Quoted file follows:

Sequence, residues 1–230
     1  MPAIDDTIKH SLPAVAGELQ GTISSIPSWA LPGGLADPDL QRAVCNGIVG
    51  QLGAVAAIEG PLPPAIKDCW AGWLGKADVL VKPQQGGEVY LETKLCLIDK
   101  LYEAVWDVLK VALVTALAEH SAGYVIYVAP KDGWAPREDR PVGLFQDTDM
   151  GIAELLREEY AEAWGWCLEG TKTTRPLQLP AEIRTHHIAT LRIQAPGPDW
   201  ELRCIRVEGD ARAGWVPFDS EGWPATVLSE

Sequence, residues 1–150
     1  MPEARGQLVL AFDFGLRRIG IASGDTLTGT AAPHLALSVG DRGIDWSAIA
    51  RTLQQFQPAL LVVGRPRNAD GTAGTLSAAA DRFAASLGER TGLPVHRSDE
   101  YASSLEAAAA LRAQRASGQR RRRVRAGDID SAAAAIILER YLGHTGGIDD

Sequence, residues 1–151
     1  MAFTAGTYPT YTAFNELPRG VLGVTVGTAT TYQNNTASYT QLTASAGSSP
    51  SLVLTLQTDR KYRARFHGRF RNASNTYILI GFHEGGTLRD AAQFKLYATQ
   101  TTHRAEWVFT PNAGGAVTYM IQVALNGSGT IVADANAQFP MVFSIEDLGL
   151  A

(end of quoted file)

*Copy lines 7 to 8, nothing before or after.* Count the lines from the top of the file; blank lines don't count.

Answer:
Sequence, residues 1–150
     1  MPEARGQLVL AFDFGLRRIG IASGDTLTGT AAPHLALSVG DRGIDWSAIA